Would you share the roads with a car that was driving itself? Several Japanese drivers already have, as Nissan has completely its first public highway test for an autonomous vehicle.
The Nissan Leaf electric car successfully negotiated a section of the Sagami Expressway in Kanagawa prefecture, southwest of Tokyo, with two important passengers on board--the prefecture's Governor, Yuji Kuroiwa, and Nissan Vice Chairman Toshiyuki Shiga. The test drive--which took place entirely automatically on the highway--was carried out with the cooperation of the Kanagawa prefecture.
Called Autonomous Drive, Nissan's system is able to detect road conditions and automatically operate the vehicle's main controls. Steering, braking and acceleration can all be controlled autonomously, and the vehicle is able to respond to several scenarios once out on the highway. The Autonomous Drive Leaf can follow vehicles and maintain a safe distance, change lanes, overtake, merge and exit highways, and negotiate interchanges--covering most aspects of highway driving.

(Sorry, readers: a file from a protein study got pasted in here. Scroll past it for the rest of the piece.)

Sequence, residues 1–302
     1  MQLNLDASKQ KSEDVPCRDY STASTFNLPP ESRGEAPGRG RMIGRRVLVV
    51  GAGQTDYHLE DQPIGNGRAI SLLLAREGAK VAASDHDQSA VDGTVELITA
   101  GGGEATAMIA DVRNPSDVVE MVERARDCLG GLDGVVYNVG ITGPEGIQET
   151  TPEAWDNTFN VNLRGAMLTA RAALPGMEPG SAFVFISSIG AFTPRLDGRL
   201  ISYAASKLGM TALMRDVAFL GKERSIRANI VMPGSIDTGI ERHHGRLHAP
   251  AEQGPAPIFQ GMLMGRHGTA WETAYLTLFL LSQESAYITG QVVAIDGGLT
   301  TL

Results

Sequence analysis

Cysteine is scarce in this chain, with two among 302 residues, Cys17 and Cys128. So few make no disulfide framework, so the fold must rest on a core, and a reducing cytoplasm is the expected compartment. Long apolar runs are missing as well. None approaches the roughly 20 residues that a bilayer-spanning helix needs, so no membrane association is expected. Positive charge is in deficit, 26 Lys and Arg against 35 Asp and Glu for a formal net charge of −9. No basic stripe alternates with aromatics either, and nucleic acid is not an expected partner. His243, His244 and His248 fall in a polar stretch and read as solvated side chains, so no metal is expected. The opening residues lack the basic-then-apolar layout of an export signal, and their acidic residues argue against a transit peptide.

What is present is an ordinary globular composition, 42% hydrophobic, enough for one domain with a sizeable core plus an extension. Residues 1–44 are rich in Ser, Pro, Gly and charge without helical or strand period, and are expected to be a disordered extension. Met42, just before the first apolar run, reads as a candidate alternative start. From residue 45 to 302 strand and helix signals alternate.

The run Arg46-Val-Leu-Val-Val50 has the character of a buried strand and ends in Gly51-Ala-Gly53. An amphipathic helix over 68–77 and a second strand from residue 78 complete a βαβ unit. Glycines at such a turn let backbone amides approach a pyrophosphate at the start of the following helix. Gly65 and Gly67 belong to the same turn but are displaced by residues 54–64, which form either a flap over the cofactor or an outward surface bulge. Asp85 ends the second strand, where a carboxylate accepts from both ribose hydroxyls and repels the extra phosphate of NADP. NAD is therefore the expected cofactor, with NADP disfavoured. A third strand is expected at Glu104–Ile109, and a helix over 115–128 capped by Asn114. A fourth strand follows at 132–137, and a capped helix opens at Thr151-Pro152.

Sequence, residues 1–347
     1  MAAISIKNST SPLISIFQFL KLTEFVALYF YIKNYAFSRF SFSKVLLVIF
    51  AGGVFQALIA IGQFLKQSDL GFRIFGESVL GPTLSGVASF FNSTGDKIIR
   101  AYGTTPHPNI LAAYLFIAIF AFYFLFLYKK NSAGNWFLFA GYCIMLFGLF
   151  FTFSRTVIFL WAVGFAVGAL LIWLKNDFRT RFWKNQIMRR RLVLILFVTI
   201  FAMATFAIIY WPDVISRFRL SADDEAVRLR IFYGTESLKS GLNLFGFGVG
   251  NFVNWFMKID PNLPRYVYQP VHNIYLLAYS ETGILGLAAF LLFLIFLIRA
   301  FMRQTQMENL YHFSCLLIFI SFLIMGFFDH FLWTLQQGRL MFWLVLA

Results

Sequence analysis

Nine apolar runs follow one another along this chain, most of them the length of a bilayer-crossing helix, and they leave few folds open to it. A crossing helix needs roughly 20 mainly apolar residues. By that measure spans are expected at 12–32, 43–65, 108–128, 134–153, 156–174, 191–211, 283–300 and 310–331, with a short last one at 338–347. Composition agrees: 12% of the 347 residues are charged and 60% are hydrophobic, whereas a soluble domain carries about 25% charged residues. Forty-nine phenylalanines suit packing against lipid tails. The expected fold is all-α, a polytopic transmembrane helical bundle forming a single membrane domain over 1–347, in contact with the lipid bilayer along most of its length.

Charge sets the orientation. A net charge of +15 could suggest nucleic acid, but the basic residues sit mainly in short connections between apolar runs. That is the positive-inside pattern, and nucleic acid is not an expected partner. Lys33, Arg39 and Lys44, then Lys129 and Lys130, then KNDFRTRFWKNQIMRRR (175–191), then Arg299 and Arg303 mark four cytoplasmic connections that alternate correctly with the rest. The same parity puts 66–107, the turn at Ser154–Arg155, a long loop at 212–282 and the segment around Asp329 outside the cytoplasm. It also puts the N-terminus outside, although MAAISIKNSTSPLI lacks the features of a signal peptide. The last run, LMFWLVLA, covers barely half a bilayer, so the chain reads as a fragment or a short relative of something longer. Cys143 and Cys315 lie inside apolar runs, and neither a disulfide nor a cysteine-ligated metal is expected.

Nissan has already stated its intent to offer an autonomous car for sale by 2020--one of several automakers to explore the technology, hoped to reduce congestion, fuel consumption and accidents compared with today's levels.
Unusually, the company also intends to offer the technology across its range, rather than limit it to the most expensive models. This suggests that, like some other autonomous vehicles undergoing testing, it will be a part-time system--taking over in emergencies or handling the more mundane aspects of driving, such as freeway trips.
Shiga says the project points the way to "a safer, more comfortable and environmentally-friendly mobile future".